Additionally, they teach us to make Facebook posts (always with a picture or link to get more readers) asking a question, such as “Ladies, what is your favorite mascara?  I’m on the market for a new mascara.” They found that people love being helpful and responding to these questions.  After people respond, the upline leaders tell you to follow up with a message starting with “Thanks for that response…I’ve been meaning to talk to you about Rodan & Fields…” Again, lies and deception.

Also, along the lines of posting, when many consultants make a FB post about their Rodan & Fields business and how much they love it, they go to the R&F Group pages and ask other consultants to post comments about Rodan and Fields on their FB post so there is “more buzz” and therefore more people see the post (as FB will display posts with more “buzz” more prominently than others).

“Lifestyle” marketing:

The leaders also train you that “prospects” are everywhere, and to really go out of your way and meet people and learn about them.  When you ask them “where are you from” and they answer, you are then supposed to tell them that you are “expanding your business” in that area and you’d love to talk to them about it. Again, while I love the thought of being outgoing (which I am) and taking an interest in people, the motivation is all wrong and driven on sucking people in.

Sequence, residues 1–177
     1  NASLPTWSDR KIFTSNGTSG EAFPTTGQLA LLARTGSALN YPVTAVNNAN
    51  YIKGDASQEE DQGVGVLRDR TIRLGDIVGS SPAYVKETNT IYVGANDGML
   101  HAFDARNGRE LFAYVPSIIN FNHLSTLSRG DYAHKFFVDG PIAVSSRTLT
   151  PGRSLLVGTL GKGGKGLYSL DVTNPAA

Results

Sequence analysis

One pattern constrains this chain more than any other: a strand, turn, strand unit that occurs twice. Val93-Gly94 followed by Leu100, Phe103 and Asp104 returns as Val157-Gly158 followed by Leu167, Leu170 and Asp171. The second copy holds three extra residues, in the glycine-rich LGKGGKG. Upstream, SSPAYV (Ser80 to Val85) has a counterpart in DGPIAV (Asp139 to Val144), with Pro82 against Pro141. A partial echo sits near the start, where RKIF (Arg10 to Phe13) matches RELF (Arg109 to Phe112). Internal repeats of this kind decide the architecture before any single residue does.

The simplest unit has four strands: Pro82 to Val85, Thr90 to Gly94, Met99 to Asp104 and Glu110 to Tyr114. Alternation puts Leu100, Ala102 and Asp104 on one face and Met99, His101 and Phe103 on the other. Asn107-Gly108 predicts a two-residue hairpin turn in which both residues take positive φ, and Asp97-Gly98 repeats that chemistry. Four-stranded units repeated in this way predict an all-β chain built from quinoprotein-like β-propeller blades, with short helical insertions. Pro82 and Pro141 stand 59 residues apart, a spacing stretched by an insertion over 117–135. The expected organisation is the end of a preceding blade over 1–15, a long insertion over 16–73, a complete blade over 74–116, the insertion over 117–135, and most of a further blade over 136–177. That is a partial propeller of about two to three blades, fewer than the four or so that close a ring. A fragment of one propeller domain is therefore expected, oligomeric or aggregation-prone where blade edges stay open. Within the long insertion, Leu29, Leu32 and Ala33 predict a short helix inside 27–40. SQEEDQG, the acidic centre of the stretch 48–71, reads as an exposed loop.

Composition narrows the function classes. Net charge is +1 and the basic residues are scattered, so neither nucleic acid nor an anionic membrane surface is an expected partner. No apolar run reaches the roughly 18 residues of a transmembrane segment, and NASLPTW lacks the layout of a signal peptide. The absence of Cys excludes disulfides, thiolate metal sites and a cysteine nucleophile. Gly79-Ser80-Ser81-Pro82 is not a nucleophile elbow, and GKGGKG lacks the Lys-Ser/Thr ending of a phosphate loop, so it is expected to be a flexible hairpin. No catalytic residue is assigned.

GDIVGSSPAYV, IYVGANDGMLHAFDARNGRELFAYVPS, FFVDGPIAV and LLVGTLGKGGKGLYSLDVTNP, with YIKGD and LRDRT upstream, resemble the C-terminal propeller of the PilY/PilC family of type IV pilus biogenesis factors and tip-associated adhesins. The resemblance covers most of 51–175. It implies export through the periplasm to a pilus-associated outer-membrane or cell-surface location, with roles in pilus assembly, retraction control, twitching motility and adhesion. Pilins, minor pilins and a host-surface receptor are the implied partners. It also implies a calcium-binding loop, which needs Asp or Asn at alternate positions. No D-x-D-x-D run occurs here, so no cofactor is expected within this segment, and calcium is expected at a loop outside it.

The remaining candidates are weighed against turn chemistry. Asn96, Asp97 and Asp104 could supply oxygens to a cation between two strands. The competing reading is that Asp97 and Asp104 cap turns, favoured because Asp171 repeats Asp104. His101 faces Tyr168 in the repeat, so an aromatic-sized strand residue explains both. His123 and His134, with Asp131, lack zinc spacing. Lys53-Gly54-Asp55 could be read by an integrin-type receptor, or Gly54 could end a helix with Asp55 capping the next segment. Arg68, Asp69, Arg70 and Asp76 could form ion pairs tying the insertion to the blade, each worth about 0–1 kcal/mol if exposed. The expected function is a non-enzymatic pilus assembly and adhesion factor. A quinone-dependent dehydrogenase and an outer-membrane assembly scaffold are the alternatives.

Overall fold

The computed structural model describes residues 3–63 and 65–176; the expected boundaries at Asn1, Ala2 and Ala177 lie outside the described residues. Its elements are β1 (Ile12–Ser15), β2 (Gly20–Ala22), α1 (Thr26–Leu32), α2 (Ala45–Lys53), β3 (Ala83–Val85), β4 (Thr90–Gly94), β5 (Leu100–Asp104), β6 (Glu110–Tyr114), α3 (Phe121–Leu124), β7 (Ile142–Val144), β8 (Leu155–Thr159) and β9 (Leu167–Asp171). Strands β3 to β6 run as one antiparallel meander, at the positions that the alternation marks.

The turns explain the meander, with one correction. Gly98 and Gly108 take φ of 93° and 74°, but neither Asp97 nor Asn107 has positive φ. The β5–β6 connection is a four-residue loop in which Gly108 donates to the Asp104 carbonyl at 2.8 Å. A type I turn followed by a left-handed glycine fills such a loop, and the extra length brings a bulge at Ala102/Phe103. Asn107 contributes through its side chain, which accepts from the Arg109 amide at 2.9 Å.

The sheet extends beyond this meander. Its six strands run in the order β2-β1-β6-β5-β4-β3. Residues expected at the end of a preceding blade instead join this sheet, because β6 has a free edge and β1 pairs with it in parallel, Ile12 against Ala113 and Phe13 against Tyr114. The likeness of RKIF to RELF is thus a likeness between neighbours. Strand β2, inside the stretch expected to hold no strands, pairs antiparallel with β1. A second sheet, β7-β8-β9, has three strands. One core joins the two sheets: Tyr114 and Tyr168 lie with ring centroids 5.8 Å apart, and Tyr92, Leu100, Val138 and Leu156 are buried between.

As an example, I remember one of our telephone trainers had a very regarding upline leader talk about her “lifestyle” marketing.  She gave a real-life example about how she was in a department store, and saw a really cute, attractive women that she thought would be perfect for the business.  She then pretended she was buying shoes and happened to sit next to the women and started talking to her and asked her where she was from and then said “wow!  My business is expanding there!  Can I have your number so I can see who you know?” And then we get more instructions on how to take it there.  Again, the fact that she basically pretended to look for shoes just to find a way to talk to this person did not sit well with me.

Your “Warm Market”:

This is my least favorite of all “prospecting” types, but the most successful for many because it is about pressuring your friends and other people you know well.  We were encouraged to reach out to our “warm market”, which means friends and family, and basically read from a template script.  First, we are supposed to call and say “do you have a few minutes?  I’m in between appointments (to sound busy) but I wanted to pick your brain?  you’ve been on my mind lately”.  Then you were supposed to schedule a 10-15 minute call after this initial contact to talk about why they would be perfect for R&F with the typically MLM prospecting language (which I will post about in my next post).  Needless to say, this can be awkward and can also cause awkward interactions if you see this person in social circles in the future.